Trade Guesses Varied Ahead of StatsCan Crop Report

Statistics Canada will reveal its first production estimates for the 2019 growing season next week, one that has seen its fair share of ups and downs.

In Ontario, producers were challenged by the same cold, wet spring that also badly delayed planting in large portions of the American Midwest. Meanwhile, Prairie producers had the opposite problem, with many areas plagued by drought before the taps finally started turning back on in the latter part of June and into July. Still, pockets of Western Canada remain too dry, particularly southern Alberta, while others further north need the rain to stop.

Going into the Aug. 28 report – which will be based on a survey of farmers taken mainly in July - trade guesses put this year’s canola crop at anywhere between 18 million and 20.5 million tonnes, compared to 20.34 million a year earlier and the latest Agriculture Canada estimate of 18.57 million.

"It's hard to get a handle on canola this year because, at this stage, the farmers are going to be a bit conservative and err on the side of caution," said Jerry Klassen, manager of Canadian operations with GAP S.A. Grains and Products in Winnipeg. "They might report a bit below their actual yield."

Last year’s average canola yield came in at 39.8 bu/acre, but highly variable conditions across the Prairies means the 2019 average is a crapshoot.

"In Saskatchewan in July, there were a lot of canola fields with bare spots," Klassen said. "There was a lot of canola just coming out of the ground."

It’s “hard to guess,” where this year’s average yield may eventually end up, he added.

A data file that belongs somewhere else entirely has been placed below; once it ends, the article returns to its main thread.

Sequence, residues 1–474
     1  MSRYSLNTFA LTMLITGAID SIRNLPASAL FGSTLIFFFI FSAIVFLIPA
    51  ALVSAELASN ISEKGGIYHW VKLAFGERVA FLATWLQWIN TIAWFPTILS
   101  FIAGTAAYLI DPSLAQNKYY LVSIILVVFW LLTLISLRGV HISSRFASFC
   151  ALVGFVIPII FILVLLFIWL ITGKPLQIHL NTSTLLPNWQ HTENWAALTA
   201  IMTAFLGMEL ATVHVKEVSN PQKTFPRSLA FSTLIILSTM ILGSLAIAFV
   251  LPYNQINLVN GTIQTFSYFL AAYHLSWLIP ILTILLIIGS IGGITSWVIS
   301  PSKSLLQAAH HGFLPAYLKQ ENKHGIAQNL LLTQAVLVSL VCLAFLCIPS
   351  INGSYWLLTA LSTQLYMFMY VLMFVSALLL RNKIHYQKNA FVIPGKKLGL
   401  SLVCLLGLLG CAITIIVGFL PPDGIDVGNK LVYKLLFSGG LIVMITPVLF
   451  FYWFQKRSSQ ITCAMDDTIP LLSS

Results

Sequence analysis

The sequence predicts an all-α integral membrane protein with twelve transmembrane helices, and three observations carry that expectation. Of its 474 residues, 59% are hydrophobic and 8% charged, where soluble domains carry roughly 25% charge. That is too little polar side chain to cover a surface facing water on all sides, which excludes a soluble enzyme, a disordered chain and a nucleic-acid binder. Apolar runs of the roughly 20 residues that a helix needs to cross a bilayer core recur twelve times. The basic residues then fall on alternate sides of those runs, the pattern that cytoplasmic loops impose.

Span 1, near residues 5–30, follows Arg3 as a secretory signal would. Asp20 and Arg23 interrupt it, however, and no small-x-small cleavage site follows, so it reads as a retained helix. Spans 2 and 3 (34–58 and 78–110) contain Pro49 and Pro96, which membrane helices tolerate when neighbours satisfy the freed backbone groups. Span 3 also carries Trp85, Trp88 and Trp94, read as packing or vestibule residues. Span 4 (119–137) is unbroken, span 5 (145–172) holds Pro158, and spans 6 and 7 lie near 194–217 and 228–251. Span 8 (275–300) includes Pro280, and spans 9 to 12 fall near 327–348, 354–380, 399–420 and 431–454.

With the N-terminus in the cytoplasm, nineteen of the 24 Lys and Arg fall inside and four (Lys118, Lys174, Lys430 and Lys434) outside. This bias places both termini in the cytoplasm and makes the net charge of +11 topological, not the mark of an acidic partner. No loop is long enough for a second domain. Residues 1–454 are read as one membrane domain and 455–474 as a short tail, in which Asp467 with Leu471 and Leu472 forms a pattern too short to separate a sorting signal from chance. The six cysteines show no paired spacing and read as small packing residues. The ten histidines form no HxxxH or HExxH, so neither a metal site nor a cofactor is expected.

Canadian all wheat production is seen between 32 million and 34.1 million tonnes, versus 2018 production of 29.86 million tonnes and Ag Canada’s August estimate of 32.5 million. (Ag Canada actually raised its all wheat production forecast by 500,000 tonnes from July, citing improved Prairie growing conditions).

Klassen also said wheat yields are also quite variable, but likely fared better than canola early in the growing season.

"(Wheat) was seeded deeper and there was more uniform germination, so the crop was able to sustain itself on subsoil moisture until we got rain in early July," he noted.

Based mainly on a sharp reduction in planted and harvested area, trade guesses put durum output for this year at 4.53 million to 5.33 million tonnes, down from 5.74 million last year and the Ag Canada estimate of 5.1 million.

Oat production is projected by analysts at 3.35 million to 3.4 million tonnes, compared to 3.43 million last year but well down from Ag Canada’s forecast of 3.93 million, while barley output is seen between 8.8 million and 10 million tonnes – up from 8.37 million in 2018 and the Ag Canada estimate of 9.65 million.

Pea production is expected at 3.6 million and 4.52 million tonnes, versus 3.58 million a year earlier and the latest Ag Canada estimate of 4.3 million. Lentil output is projected to come in at 1.87 million and 2.3 million tonnes, compared to 2.09 million in 2018 and 2.2 million for Ag Canada.

Source: DePutter Publishing Ltd.

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